He was in Baltimore to watch Jerry Jr., primarily a second baseman, play for the Orioles and Scott, also a second baseman, play for the Diamondbacks. He was there with the permission of the White Sox, who employ him as the manager of their Bristol (Tenn.) team.

Jerry Jr., 28, is in his fifth year with the Orioles; Scott, 24, is a rookie with the Diamondbacks. Jerry Sr. played 14 seasons in the majors, primarily for the White Sox, in the 1970s and '80s. His brother played in three games for the Cubs in 1969. Their father played four years in the Negro Leagues, then became the White Sox's first African-American.

Asked why so many members made it to the majors, Hairston said, "The desire to play."

In his case, Hairston said, the desire came from the stories his father told him.

"That inspired me to want to experience baseball," Hairston said. "It just seemed to be the thing to do. That's something my dad helped me appreciate and I passed it on to my kids. The first and most important thing is the desire to play."

WHISPERS: Sidney Ponson's bad start has the Orioles kicking themselves for not insisting on a weight clause in his contract. He reported to spring training weighing 265, 15 pounds more than when San Francisco traded for him last season. ... The BOB will soon be no more. Once the Bank One-J.P. Morgan Chase & Co. merger is finished, Bank One Ballpark will be renamed something like Chase Ballpark. ... Add Trevor Hoffman to the list of players looking for contract extensions. He seems willing to reduce his 2005 salary if the Padres sign him beyond next season. His 2005 contract is guaranteed for $2.5-million. He will gain $3-million more when he finishes his 25th game and add another $200,000 for every 10 appearances after that. If he finishes 60 games, he'll earn $9-million. ... Josh Beckett is tentatively listed to come off the disabled list to face the White Sox June 17. ... Texas outfielder Rusty Greer, who hasn't played since July 11, 2002, is taking batting practice in hopes of playing in the second half of the season.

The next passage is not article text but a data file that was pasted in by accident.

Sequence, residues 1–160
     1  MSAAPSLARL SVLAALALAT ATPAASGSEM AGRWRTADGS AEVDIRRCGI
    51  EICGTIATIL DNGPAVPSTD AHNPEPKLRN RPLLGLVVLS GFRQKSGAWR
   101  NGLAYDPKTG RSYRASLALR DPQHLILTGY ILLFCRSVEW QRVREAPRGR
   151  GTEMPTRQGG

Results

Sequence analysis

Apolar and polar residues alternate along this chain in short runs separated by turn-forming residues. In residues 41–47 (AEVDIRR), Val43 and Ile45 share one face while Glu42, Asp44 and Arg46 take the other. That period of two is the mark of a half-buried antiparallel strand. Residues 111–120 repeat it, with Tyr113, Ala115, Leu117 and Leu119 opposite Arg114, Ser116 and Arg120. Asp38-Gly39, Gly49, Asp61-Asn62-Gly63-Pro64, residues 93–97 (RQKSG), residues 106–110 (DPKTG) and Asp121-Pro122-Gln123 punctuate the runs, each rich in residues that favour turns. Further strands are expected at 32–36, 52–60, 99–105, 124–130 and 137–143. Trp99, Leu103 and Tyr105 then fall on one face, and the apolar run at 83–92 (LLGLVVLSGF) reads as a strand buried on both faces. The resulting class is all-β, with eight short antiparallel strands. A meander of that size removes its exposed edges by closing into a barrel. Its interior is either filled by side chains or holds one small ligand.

WORDS OF WISDOM: "I like interleague play for the fans' sake," 73-year-old Marlins manager Jack McKeon said. "But why not let the Cleveland and Detroit fans see the National League style of baseball? Why not let the National League fans see us use the DH? That way the fans get to see the whole shebang."

- The Chicago Tribune, Dayton Daily News and New York Times contributed to this report. [Last modified June 12, 2004, 23:37:23]